The United States and the European Union have created a council to provide a forum for coordinating approaches to key global trade, economic and technology issues.
U.S. President Joe Biden and European Commission President Ursula von der Leyen launched the EU-U.S. Trade and Technology Council (TTC) during the U.S.-EU Summit in Brussels on June 15.
The council will deepen transatlantic trade and economic relations based on shared democratic values.
White House Statement
A White House statement, “Towards a Renewed Transatlantic Partnership,” noted that the United States and the European Union represent 780 million people who share democratic values and the largest economic relationship in the world.
The statement continued, “We have a chance and a responsibility to help people make a living and keep them safe and secure, fight climate change, and stand up for democracy and human rights.
“We laid the foundations of the world economy and the rules-based international order after World War II based on openness, fair competition, transparency, and accountability.
“Some of the rules need an update: to protect our health, our climate and planet, to ensure democracy delivers and technology improves our lives.”
The major goals of the TTC will be:
• to grow the bilateral trade and investment relationship;
• to avoid new unnecessary technical barriers to trade;
• to coordinate, seek common ground and strengthen global cooperation on technology, digital issues and supply chains;
• to support collaborative research and exchanges;
• to cooperate on compatible and international standards development;
• to facilitate regulatory policy and enforcement cooperation and, where possible, convergence;
• to promote innovation and leadership by U.S. and EU firms; and
• to strengthen other areas of cooperation.
The cooperation and exchanges of the TTC will be without prejudice to the regulatory autonomy of the United States and the European Union and will respect the different legal systems in both jurisdictions. Cooperation within the TTC will also feed into coordination in multilateral bodies and wider efforts with like-minded partners, with the aim of promoting a democratic model of digital governance.
This new council will meet periodically to steer the cooperation. It will be co-chaired by U.S. Secretary of State Antony Blinken, U.S. Secretary of Commerce Gina Raimondo, U.S. Trade Representative Katherine Tai, European Commission Executive Vice President and EU Competition Commissioner Margrethe Vestager, and European Commission Executive Vice President and EU Trade Commissioner Valdis Dombrovskis.
Other members of the EU Commission and U.S. departments will be invited as appropriate, ensuring focused discussions on specific issues in a whole-of-government approach.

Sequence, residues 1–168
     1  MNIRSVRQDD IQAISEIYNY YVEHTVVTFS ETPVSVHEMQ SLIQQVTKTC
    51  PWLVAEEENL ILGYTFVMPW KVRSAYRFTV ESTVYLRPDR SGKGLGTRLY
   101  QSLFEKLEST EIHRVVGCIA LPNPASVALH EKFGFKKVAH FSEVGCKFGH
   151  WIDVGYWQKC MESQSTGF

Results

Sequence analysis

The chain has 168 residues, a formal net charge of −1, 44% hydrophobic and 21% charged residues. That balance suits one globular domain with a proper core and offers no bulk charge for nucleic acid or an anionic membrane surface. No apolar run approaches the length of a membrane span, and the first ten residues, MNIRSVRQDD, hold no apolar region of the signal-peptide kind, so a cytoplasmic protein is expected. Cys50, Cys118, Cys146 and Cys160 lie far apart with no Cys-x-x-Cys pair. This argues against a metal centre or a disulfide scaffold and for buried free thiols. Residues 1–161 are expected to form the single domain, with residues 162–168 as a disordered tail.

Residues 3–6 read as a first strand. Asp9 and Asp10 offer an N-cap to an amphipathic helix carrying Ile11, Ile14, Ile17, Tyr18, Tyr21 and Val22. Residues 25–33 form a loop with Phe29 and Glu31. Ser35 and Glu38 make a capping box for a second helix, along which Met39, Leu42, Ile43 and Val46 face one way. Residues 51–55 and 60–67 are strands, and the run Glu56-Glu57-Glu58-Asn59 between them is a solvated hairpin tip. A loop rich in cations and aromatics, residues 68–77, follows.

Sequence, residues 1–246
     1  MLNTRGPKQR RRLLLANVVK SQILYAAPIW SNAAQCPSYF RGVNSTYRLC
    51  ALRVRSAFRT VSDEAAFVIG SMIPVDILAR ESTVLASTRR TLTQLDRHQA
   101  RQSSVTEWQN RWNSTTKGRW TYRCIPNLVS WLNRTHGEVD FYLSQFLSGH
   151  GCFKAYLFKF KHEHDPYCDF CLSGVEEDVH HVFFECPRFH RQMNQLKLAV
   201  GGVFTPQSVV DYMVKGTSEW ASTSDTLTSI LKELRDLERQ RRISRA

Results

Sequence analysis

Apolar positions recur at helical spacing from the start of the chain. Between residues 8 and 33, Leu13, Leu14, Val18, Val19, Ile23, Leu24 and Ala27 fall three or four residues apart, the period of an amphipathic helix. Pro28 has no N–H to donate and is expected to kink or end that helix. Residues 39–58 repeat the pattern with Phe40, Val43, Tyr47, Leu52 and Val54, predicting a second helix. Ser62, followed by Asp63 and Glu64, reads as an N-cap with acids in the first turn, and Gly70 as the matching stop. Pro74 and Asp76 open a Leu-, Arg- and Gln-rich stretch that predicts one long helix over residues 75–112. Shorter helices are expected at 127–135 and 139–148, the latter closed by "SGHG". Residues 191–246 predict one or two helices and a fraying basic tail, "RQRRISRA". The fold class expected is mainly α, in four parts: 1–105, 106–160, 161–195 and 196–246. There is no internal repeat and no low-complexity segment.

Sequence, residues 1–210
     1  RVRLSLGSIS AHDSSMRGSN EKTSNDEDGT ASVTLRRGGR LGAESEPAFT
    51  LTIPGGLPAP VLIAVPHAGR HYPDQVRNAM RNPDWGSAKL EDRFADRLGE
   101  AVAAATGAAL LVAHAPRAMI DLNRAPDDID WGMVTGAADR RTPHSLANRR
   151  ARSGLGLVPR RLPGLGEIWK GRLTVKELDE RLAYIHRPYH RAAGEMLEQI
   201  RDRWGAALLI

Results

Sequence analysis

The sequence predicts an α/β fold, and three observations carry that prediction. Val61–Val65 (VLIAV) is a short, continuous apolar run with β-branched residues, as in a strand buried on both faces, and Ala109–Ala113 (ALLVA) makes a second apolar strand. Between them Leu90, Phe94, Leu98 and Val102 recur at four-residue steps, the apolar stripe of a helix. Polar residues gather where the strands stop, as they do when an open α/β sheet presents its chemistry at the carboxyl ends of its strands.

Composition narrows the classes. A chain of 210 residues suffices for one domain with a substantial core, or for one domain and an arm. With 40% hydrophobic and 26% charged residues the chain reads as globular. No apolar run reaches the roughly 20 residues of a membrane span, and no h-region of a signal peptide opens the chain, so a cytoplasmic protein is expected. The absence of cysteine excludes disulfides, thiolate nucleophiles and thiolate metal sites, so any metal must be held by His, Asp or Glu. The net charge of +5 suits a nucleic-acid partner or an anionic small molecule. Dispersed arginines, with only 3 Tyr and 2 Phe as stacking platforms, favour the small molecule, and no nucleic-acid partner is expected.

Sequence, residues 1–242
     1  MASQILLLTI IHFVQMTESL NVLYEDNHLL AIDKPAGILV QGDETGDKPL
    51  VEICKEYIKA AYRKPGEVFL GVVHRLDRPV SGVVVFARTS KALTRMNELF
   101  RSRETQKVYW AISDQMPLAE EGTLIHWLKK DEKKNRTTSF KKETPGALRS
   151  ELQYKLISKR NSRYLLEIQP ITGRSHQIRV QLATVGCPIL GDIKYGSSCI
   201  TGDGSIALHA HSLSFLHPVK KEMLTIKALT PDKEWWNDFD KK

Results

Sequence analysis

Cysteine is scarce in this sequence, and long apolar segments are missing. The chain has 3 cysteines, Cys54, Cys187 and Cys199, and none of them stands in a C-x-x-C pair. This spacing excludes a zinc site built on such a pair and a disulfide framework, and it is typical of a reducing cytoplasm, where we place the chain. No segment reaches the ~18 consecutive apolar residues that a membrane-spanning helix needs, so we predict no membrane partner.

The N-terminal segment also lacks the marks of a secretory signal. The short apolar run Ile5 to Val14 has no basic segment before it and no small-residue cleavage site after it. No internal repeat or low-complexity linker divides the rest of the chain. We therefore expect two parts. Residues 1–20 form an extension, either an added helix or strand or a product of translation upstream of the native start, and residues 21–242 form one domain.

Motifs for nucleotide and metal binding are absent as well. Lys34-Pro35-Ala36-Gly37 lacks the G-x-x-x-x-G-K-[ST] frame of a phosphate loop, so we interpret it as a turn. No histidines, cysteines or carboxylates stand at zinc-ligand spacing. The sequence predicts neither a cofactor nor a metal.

The TTC will initially include working groups looking at the following topics:
• technology standards cooperation, including artificial intelligence (AI) and Internet of Things, among other emerging technologies;
• climate and green technology;
• secure supply chains, including semiconductors;
• information and communications technology (ICT) security and competitiveness;
• data governance and technology platforms;
• the misuse of technology threatening security and human rights;
• export controls;
• investment screening;
• promoting small and medium enterprises’ access to and use of digital technologies; and
• global trade challenges.
The EU market represents 450 million people, and has a total gross domestic product (GDP) of $15.6 trillion, as of 2019. The United States has 330 million people and a GDP of $21.43 trillion according to the World Bank, as of 2019.
The EU consists of 27 countries: Austria, Belgium, Bulgaria, Croatia, Cyprus, the Czech Republic, Denmark, Estonia, Finland, France, Germany, Greece, Hungary, Ireland, Italy, Latvia, Lithuania, Luxembourg, Malta, Netherlands, Poland, Portugal, Romania, Slovakia, Slovenia, Spain and Sweden.
Total bilateral trade between the European Union and United States topped $1 trillion in 2020, with goods trade accounting for $755.76 billion. The United States exported $290.76 billion worth of goods to EU member nations, a decrease from $336 billion in 2019.
Top U.S. exports to the EU were chemicals, transportation equipment, computer/electronic products, and oil and gas. Imports into the United States from the EU decreased to $465.1 billion in 2020 from $514 billion the year before. Top imports from the EU to the U.S. were chemicals, transportation equipment, nonelectrical machinery, and computer and electronic products.
In 2020, Europe experienced its sharpest recession since World War II, with GDP falling by 6.6% compared to 4.5% in 2009 during the financial crisis. The U.S. economy contracted by 3.5% in 2020.
According to The Transatlantic Economy 2021, prepared for the AmCham EU (American Chamber of Commerce to the European Union):
• The U.S. and EU transatlantic economy supported 16 million jobs, accounting for close to one-third of world GDP, and 30% of world trade.
• In 2019, 48 of 50 U.S. states exported more goods to Europe than to China. California was one of the top three state exporters to Europe. In 2018, California had the highest number of jobs supported by European investment (490,700). European companies account for 58% of foreign affiliate jobs in the state.
• In 2019, the United States and Europe accounted for 27% of global exports, 32% of global imports, 64% of outward stock of global foreign direct investment and 61% of inward stock. During the last decade Europe attracted 57.3% of total U.S. global investment, more than in any previous decade. In 2019, the U.S. invested $2.4 trillion into the EU and the EU invested $2 trillion into the United States. European companies in the United States directly support 5 million U.S. jobs.